Days to Maturity: 70 days
Starting at: As low as $3.25
Kale and collards are hardy biennials that will overwinter in milder climates, and improve in flavor with the onset of cold weather. They are in the Brassicaceae family, sharing species name Brassica oleracea with cauliflower, cabbage, broccoli, brussels sprouts, and kohlrabi.
- Scotch - Deeply curled and wrinkled leaves. Very hardy.
- Siberian or Russian – Flat leaves with lobed edges. Most tender.
- Lacinato – Dark green savoyed blade shaped leaves.
- Collards – More heat tolerant. Giant round leaves.
Soil Nutrients and Requirements
Kale and Collards thrive in well drained fertile soil high in organic matter, with pH 6.0- 7.5. They can tolerate slightly alkaline soil. A general guideline is 2-3 lbs of 8-16-16 fertilizer over 100 sq ft of garden area two weeks before planting. If boron is not present in your soils, consider adding 1 Tbs per 100 sq ft.
Babyleaf- Direct seeding: ~60seeds/ft in 2-4" bands; Full Size- 12-18”
18-30” for full size
When to Sow
Days to maturity are from direct seeding, subtract 2 weeks if transplanting. Direct sow as soon as soil can be worked or start transplants 4 weeks before planting date. Plant baby leaf every 4-5 weeks for a continual harvest. Sow fall plantings two months before first expected frost for full size and up until frost for baby leaf.
Harvest full size leaves when desired. Kale flavor sweetens after light frosts. Kale and collards are both very cold hardy, overwintering in most climates to some degree.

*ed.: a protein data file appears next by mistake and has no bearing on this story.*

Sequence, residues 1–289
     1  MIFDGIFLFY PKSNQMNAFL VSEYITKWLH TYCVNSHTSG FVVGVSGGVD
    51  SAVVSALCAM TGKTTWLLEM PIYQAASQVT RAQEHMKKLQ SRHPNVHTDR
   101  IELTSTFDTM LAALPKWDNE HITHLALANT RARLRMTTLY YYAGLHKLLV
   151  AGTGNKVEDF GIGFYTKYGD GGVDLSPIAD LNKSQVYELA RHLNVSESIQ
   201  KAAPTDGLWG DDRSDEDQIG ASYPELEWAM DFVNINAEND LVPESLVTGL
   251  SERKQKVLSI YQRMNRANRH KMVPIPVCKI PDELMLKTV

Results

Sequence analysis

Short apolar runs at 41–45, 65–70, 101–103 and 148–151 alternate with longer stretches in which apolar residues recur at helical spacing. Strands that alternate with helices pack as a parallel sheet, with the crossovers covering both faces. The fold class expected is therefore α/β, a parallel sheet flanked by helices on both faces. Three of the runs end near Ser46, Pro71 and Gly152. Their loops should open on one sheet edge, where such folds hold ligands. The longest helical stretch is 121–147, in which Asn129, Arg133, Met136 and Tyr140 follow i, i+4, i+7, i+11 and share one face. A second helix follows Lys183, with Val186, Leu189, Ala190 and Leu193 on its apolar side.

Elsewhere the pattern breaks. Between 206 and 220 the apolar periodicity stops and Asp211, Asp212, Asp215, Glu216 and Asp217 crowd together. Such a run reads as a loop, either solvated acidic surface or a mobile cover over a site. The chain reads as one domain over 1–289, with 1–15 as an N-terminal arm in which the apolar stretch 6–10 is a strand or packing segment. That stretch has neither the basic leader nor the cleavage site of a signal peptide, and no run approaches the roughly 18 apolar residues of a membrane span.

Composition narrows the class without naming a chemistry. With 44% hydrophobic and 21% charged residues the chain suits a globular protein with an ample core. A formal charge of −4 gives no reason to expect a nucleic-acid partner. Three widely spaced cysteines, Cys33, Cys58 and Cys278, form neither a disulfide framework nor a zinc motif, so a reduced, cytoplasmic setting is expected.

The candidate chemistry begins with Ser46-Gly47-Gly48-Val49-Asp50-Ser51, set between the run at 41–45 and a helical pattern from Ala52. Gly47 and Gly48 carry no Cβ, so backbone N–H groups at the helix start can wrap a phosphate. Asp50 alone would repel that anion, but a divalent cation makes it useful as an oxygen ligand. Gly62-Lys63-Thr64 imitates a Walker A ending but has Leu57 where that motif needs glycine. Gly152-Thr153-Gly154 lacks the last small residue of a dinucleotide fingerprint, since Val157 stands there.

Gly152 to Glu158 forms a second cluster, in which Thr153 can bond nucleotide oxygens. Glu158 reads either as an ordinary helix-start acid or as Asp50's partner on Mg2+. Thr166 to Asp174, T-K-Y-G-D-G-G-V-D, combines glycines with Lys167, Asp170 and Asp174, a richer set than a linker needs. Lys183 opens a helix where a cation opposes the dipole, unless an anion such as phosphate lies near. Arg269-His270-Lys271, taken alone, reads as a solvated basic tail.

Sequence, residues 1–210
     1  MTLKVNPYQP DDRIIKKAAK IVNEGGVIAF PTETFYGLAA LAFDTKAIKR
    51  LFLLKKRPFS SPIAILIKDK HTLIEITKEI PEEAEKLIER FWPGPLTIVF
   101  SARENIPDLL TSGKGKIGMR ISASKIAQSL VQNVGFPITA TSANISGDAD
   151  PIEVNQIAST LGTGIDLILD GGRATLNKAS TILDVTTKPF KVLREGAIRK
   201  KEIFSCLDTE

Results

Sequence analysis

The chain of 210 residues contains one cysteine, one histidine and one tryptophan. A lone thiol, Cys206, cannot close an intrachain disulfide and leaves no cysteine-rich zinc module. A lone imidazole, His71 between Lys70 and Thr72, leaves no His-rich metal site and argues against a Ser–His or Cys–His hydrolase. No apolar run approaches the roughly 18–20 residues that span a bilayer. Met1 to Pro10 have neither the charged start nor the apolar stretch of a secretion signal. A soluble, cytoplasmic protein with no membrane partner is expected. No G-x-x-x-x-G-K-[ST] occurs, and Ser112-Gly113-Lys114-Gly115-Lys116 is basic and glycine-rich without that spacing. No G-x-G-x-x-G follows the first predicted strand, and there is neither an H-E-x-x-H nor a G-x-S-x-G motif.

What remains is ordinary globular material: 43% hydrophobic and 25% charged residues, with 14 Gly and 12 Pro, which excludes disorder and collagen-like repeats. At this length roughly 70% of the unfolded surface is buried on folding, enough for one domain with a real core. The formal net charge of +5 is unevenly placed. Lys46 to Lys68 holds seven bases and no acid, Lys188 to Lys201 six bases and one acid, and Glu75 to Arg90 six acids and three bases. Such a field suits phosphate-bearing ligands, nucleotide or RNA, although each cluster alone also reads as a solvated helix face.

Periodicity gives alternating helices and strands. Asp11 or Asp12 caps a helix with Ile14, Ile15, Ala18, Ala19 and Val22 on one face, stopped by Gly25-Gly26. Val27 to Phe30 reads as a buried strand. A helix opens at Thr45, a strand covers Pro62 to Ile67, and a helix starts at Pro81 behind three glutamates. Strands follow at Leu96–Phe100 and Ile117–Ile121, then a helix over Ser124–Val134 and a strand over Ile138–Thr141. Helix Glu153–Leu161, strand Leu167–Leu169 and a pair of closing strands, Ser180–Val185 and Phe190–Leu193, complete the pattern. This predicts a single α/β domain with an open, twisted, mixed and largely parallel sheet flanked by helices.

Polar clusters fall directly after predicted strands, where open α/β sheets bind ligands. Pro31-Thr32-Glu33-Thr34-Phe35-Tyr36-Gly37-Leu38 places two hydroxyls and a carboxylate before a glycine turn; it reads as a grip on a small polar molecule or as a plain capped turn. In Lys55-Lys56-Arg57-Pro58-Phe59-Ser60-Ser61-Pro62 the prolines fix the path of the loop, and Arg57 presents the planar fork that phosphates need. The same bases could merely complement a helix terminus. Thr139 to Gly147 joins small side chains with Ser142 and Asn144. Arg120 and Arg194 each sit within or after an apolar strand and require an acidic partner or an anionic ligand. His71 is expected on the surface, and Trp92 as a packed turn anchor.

Cool leaves in cold water at harvest and store in plastic in fridge. In late fall, cut the heart of the plant and store just above freezing in a plastic bag for a few weeks.
Kale and collards do not usually suffer too much from pest damage, but they are subject to the same insect pests as cabbage, cauliflower, and broccoli.
- Insect pests, including cabbage looper, imported cabbage worm, and diamondback moth are largely of the Lepidoptera order and can thus be controlled by Bacillus thuringiensis (such as Dipel DF) and/or spinosad, preferentially in rotation with one another to prevent build-up of resistant individuals.
- Flea beetles chew small holes in the leaves and are most detrimental when plants are young; use row cover (make sure edges are sealed) or application of Pyganic™, neem or capsaicin products to control populations.
In general, kale and collards do not suffer much from disease. They can be affected by Black Rot, caused by the bacterium Xanthomonas campestris and Club root, caused by the soil borne fungus Plasmodiophora Brassica. Prevention includes resistant varieties, crop rotation, removal or tillage of plant debris, eliminating cruciferous weeds, and handling plants in dry conditions.